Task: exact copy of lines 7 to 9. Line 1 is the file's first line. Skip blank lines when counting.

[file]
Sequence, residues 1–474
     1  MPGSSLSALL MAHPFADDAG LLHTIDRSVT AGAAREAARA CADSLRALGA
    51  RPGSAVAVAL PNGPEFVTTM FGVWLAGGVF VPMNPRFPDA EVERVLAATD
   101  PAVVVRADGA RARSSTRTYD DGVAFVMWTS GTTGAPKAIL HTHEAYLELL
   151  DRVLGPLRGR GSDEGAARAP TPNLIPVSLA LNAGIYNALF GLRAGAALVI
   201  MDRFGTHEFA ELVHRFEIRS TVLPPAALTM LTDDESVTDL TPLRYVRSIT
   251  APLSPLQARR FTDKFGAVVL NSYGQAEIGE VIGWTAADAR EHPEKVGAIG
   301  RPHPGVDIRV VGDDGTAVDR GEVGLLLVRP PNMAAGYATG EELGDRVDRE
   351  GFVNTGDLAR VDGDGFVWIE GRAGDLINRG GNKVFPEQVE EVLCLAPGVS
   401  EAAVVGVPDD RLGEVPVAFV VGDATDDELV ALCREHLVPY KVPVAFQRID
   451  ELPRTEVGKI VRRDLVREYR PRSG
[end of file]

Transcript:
   251  APLSPLQARR FTDKFGAVVL NSYGQAEIGE VIGWTAADAR EHPEKVGAIG
   301  RPHPGVDIRV VGDDGTAVDR GEVGLLLVRP PNMAAGYATG EELGDRVDRE
   351  GFVNTGDLAR VDGDGFVWIE GRAGDLINRG GNKVFPEQVE EVLCLAPGVS